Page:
You seem to be saying that we must look past stars in order to see the sun. What part about the stars being higher than the sun do you not understad?

What part of 'there are stars visible in the direction where the sun is' do you not understaNd?

You can't explain why we can't see the sun but can see the stars.

Well you can, nut then you have to admit the sun moved below the horizon.

Which means that the Earth is...
Only thing round in FE is its circular logic.

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Son of Orospu

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Re: Regarding the stars and the sun
« Reply #11 on: September 04, 2016, 07:36:43 AM »
Those stars you see are closer than the sun. What part of being closer and therefore visible are you having so much trouble understanding?

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Omega

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Re: Regarding the stars and the sun
« Reply #12 on: September 04, 2016, 07:39:02 AM »
Those stars you see are closer than the sun. What part of being closer and therefore visible are you having so much trouble understanding?

So the sun moved through those stars?
Only thing round in FE is its circular logic.

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Re: Regarding the stars and the sun
« Reply #13 on: September 04, 2016, 07:43:17 AM »
Those stars you see are closer than the sun. What part of being closer and therefore visible are you having so much trouble understanding?

So the sun moved through those stars?

No, the stars that were farther than the sun are still farther than the sun and the ones that are closer will still be closer, even if they are beyond the limit of sight. 

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Omega

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Re: Regarding the stars and the sun
« Reply #14 on: September 04, 2016, 07:47:43 AM »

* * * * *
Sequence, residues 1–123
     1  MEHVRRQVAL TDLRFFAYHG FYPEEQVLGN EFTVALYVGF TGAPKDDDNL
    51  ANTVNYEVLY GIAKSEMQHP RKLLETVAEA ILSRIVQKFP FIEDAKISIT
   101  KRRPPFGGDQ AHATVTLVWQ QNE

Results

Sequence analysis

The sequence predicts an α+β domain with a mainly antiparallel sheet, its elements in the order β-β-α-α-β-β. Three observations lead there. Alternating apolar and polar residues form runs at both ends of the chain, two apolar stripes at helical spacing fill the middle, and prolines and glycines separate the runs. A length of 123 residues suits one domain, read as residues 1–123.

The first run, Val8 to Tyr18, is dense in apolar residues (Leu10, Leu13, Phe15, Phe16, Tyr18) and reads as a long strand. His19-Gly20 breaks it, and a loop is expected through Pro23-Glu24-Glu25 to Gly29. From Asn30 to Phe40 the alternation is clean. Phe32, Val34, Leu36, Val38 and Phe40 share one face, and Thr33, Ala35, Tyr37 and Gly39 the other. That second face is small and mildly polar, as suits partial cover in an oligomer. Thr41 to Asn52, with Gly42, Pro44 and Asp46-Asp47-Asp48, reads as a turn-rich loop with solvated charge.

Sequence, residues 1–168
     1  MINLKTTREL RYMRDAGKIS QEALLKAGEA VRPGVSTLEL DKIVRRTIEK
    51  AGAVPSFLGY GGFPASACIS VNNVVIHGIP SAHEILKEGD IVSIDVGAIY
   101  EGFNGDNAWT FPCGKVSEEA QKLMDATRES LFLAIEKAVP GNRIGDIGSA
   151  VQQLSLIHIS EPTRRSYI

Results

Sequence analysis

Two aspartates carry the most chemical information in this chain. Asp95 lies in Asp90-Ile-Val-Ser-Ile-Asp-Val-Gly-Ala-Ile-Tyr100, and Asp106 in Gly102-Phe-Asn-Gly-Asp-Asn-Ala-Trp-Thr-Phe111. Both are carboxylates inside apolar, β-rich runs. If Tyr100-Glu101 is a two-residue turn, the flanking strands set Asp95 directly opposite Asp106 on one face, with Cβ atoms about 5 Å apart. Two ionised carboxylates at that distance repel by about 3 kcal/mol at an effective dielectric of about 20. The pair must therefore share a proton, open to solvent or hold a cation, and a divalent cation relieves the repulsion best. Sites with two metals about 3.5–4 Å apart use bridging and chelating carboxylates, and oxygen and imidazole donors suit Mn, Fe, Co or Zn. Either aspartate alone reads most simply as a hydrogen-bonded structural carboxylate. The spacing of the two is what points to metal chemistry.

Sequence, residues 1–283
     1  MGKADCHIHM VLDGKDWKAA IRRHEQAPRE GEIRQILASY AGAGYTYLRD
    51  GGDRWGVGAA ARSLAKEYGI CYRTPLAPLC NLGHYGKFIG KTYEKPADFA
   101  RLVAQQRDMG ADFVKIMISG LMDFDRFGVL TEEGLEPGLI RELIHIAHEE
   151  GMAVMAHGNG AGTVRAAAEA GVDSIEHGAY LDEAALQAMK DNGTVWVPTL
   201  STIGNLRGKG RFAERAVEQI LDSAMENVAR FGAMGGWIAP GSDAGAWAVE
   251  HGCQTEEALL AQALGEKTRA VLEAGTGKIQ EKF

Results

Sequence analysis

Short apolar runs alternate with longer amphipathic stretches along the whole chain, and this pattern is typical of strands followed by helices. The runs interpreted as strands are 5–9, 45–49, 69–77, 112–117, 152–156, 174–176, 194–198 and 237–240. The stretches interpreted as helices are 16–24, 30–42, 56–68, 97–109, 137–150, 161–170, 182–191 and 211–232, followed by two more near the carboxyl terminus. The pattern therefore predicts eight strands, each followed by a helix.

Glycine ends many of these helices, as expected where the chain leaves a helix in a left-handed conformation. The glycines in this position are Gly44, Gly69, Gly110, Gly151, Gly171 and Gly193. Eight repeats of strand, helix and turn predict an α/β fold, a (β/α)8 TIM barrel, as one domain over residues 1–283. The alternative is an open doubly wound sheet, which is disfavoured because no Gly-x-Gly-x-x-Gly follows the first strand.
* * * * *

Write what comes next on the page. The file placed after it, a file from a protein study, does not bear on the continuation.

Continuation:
Those stars you see are closer than the sun. What part of being closer and therefore visible are you having so much trouble understanding?

So the sun moved through those stars?

No, the stars that were farther than the sun are still farther than the sun and the ones that are closer will still be closer, even if they are beyond the limit of sight.

Do you dispute that my sketch is a correct representation of the situation as outlined by the flat earth notion?
Only thing round in FE is its circular logic.

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SpJunk

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Re: Regarding the stars and the sun
« Reply #15 on: September 04, 2016, 07:58:34 AM »
@Omega:

Same error Flat Earthers make when try to explain how different stars behave on north and south hemisphere.

Today from North Carolina we will "see" constellations Hydra, Sextans, Cancer, Gemini, ... below the Sun (but masked by sunlight).
We will also "see" constellations Virgo, Libra, Coma Berenices, Canes Venatici, Serpens, ... above the Sun (also masked by sunlight).

As Earth rotates, first to set behind horizon are those below the Sun (Hydra, Sextans, Cancer, Gemini),
then the Sun, making it possible now to see those that are above the Sun (Virgo, Libra, Coma Berenices, Canes Venatici, Serpens).

They will also soon set behind horizon, but:
If you picture the Dome with "stars below", the Sun, and "stars above" all as stickers on it, you will see that
"stars above" are in the part of Dome that is closer to us than the Sun and "stars below".

Meanwhile we still don't know why they all together didn't go northwest with the Dome.
"If the facts don't fit the theory, change the facts." - Albert Einstein

"Your lack of simplicity is main reason why not many people would bother to try to understand you." - S.M.

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Omega

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Re: Regarding the stars and the sun
« Reply #16 on: September 04, 2016, 08:21:56 AM »
So... all the stars are in fact stuck in a flat plane that is moving across the sky the same way the Sun is? The stars are affixed to a flat 'sky disk'?
Only thing round in FE is its circular logic.

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SpJunk

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Re: Regarding the stars and the sun
« Reply #17 on: September 04, 2016, 08:35:16 AM »